Schools admissions bring many regrets

Applicant demand exceeds private school openings

March 20, 2003|By Linda Linley | Linda Linley,SUN STAFF

Wearing her elder sister's Notre Dame Prep sweat shirt, Amanda Porter turned down a trip to the mall on a recent Saturday, choosing instead to wait for the mail carrier to deliver the letter that would decide her immediate future.

Amanda made five trips to the mailbox before she and her mother, Charlene, met the carrier in the driveway. Amanda eagerly opened the letter and learned she had been accepted into the ninth grade at Notre Dame Preparatory School in Towson - her first choice - for the 2003-2004 school year.

"I've been planning on attending NDP since my sister went there," said Amanda, a 13-year-old Essex resident. "I'm really happy because I felt very comfortable. It was the school for me."

She was one of the lucky ones. Across the Baltimore area, admissions offices at private and parochial schools recently completed the yearly ritual of mailing thousands of letters to applicants.

Most contained expressions of regret, turning down students whose families spent more than five months going through a rigorous application process.

The high number of rejections illustrates a simple fact: Despite the nation's economic problems and tuition that ranges from $10,000 to $15,000 for day students, these schools continue to receive applications from far more students than they can accept.

But there has been a new wrinkle: More parents are seeking financial aid.

Garrison Forest School in Owings Mills received between 650 and 700 applications, but had spots for 100 to 105 new students, said Randie Benedict, director of admission and financial aid. Those numbers are consistent with recent years.

The same is true at Friends School in North Baltimore.

"We are getting way more applicants than there are slots available," said Tad Jacks, assistant head for admissions and administration.

He said his school received about 660 applications, with spots for about 130 new students. The number is consistent with the 600 to 700 applications Friends has been receiving in the past few years.

Financial aid is a huge factor in deciding which school a family chooses, Jacks said.

At Maryvale Preparatory School in Brooklandville, Monica Graham, director of admissions, said requests for financial aid have been noticeably higher this year.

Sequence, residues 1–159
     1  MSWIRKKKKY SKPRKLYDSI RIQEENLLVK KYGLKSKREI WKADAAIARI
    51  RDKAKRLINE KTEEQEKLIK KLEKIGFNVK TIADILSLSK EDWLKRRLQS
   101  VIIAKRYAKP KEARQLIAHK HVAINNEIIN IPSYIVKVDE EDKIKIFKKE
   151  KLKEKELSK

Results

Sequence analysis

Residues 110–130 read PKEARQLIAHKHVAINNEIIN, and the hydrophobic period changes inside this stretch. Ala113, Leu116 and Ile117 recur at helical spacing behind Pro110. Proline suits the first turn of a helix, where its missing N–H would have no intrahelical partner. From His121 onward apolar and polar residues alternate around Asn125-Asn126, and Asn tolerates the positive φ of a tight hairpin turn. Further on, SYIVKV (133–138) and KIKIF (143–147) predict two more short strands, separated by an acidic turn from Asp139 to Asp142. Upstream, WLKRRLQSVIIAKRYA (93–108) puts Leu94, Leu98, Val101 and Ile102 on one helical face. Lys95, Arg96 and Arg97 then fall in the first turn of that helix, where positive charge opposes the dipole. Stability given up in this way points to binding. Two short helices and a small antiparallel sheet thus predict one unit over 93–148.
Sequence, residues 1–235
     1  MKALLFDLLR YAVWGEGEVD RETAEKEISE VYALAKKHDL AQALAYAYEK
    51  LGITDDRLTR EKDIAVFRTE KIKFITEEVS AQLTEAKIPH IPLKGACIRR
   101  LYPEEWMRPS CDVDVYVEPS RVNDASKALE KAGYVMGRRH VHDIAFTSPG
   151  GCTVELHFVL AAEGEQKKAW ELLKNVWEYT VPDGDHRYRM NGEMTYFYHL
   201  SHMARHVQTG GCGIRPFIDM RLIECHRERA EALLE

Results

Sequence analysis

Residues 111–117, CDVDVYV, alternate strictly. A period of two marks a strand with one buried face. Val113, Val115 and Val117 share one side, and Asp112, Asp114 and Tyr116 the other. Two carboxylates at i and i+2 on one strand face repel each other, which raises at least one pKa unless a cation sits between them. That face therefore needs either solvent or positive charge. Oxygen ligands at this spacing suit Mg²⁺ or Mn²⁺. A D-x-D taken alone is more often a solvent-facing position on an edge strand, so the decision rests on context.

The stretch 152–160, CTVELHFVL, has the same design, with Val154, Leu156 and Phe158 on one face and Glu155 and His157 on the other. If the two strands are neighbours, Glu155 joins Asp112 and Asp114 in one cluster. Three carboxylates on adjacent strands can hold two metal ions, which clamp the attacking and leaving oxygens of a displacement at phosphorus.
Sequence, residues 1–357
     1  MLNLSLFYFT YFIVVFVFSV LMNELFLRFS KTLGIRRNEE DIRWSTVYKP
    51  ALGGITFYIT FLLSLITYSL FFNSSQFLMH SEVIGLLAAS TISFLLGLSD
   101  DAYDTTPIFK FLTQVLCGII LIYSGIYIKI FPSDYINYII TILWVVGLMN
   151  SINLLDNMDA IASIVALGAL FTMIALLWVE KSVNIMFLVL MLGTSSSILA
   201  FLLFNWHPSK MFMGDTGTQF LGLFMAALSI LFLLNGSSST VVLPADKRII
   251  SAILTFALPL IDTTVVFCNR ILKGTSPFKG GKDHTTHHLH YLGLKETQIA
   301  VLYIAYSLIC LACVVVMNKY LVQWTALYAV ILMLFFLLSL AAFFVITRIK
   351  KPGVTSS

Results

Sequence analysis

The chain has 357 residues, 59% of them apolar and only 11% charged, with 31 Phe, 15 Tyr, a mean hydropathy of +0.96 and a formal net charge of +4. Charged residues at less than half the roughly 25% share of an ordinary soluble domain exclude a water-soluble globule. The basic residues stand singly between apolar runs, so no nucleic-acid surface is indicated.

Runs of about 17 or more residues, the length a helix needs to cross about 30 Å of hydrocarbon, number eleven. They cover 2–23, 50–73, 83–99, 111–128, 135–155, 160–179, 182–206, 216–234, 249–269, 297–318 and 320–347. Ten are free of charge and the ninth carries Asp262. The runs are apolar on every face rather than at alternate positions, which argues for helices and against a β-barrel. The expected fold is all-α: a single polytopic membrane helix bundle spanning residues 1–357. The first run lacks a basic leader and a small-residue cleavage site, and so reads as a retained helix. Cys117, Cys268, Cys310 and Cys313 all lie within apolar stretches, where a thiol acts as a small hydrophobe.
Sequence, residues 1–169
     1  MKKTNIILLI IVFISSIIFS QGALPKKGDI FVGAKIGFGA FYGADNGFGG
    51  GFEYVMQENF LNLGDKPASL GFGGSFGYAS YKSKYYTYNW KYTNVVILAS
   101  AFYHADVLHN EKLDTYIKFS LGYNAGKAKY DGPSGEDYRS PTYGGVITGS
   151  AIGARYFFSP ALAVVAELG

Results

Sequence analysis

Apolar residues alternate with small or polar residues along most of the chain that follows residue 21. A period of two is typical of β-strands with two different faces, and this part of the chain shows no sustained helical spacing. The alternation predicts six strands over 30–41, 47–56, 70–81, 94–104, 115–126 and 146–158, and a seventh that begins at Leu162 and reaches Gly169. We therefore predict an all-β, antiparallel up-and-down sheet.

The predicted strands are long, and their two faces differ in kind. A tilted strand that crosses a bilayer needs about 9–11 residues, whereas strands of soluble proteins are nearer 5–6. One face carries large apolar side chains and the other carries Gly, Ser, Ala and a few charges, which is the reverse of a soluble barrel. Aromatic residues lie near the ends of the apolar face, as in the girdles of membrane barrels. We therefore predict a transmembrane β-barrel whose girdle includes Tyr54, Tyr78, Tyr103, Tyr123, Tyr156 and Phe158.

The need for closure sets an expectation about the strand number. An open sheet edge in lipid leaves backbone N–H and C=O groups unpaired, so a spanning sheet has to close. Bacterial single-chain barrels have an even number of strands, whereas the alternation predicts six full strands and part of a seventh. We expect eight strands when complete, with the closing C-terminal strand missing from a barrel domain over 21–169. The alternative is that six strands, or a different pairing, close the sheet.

Graham said it is hard to pinpoint the reason for the increase in requests; parents are not required to tell schools why they are applying. But she noted that new applicants aren't the only ones seeking help - current students are also asking Maryvale to help pay expenses.

"About 20 percent of our families get financial aid," said Dianne Fowler, director of admission and dean of students at St. James Academy in Monkton. "This year, we have had a slightly higher percentage of applications for financial aid."

Seeking financial aid is one step in a long application process that is becoming increasingly competitive.

Terry Dyer of Jacksonville, whose daughter, Sarah, 13, was accepted for the ninth grade at Notre Dame Prep this fall, said it was difficult to follow the timeline that schools require.

"The toughest part, though, was waiting for the final decision. Sarah was really nervous the day the letter arrived," Dyer said.

Admission directors say they spend a lot of time reviewing each application with a committee, generally made up of teachers and school administrators.

Jacks said there is no easy formula that admission directors can use.

"We spend a lot of time trying to balance out the types of students we accept," the Friends official said. "We look at issues like gender, since we are a coed school, and diversity and other factors. It's hard to make these decisions."

Katherine Goetz, NDP's director of admission, said most of the girls who apply to NDP also seek admission at other schools. Admission directors encourage the practice, she said, because not every applicant fits at every school.

"The admission process has changed," Goetz said. "There are so many girls applying, and the competition is more extreme."

Sometimes that process is hard for parents to understand.

Jacks said his office receives calls from parents who ask what their child did wrong to be denied acceptance.

"It's a crazy process, almost like someone applying for a job and trying to find the right fit," Jacks said. "The big difference is that these are children."

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